Have you ever seen a musical miracle?
I saw one 2 years ago.
It happened at St. Thomas Episcopal Church in Terrace Park, OH, a neighborhood on the north-east side of Cincinnati.
Janae and I had just decided to move our family to Utah after 9 wonderful years. Janae was excited. I was a mess. The kids were happy. The schools were great. The music scene was amazing.
But these were not the main reasons I didn't want to leave. I didn't want to leave my friends in the Parish Choir at St. Thomas.
During the time we made the challenging decision to move, I was writing a new 5 movement cantata for St. Thomas. The middle movement was a setting of Psalm 23. I had really poorer my heart and soul into this movement. It took longer to get it right than it did to get the rest of the cantata right.
2 years ago this week I had gone to rehearsal for 2 purposes. To sing through my new setting of Psalm 23 with the choir, and to tell my friends that I was moving far far away.
I tried to hold in all the emotions that I was feeling, but I lost my composure a bit as I broke the news and told them how much they meant to me and how sad I was to leave them.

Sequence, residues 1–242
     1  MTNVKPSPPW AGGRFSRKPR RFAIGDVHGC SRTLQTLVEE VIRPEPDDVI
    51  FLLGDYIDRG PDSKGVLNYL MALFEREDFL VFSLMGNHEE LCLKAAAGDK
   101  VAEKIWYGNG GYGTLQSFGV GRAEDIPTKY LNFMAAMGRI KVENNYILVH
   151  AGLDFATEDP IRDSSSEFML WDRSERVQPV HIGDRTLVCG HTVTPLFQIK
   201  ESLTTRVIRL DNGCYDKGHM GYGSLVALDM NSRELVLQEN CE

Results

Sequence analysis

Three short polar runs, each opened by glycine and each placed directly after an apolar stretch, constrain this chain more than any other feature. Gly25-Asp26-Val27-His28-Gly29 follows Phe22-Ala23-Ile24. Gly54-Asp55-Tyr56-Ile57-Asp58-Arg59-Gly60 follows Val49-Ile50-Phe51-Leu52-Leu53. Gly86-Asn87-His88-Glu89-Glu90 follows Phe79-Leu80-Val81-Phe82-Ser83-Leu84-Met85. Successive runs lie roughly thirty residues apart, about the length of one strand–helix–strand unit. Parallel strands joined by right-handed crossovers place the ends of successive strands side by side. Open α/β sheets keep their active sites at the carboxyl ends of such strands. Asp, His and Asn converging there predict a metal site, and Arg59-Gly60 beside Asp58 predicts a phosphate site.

After some heartfelt remarks and hugs, we sang through my new piece. And this is when the first part of the miracle occurred.
It wasn't only that we sight-read the 8-part a cappella piece almost perfectly (wonder of wonders), but some kind of magic happened as we sang of "one heart and one soul." (Acts 4:32) It was a beautiful unifying experience. We really felt something together. We all looked around at each other in silence as we finished. It was a miraculous moment that had a whole lot more to do with people and our shared intent and desire than about a bunch of little black dots I had written on the page.
The second part of the miracle came a couple months later when we performed the new cantata in an evening service at St. Thomas. Right as we began, the sun came shining through a high window above the organ and nearly blinded us. In my 5 years of singing at St. Thomas, I had never noticed the sun distracting me as a sang. At first, it was quite annoying. But as we sang, I had this special feeling come over me, as if the sun was heaven smiling on us and approving of our musical offering.
And I wasn't the only one. My librettist, Phyllis Wocher, came right up afterward all excited, "Did you see the sun! God loved our piece!"
The real miracle was that a group of people who cared both about each other and the people they were singing to, sang a piece written with a unique intent for the express purpose of uplifting and inspiring those who heard and performed it. It was all a big act of service. And that made all the difference.
And what a great way to end our time together!
Luckily I'm still composer-in-residence at St. Thomas and hope to be for a very long time.
I hope you enjoy listening to my setting of Psalm 23 on this Sunday evening.
You can hear it by clicking the picture or the link below.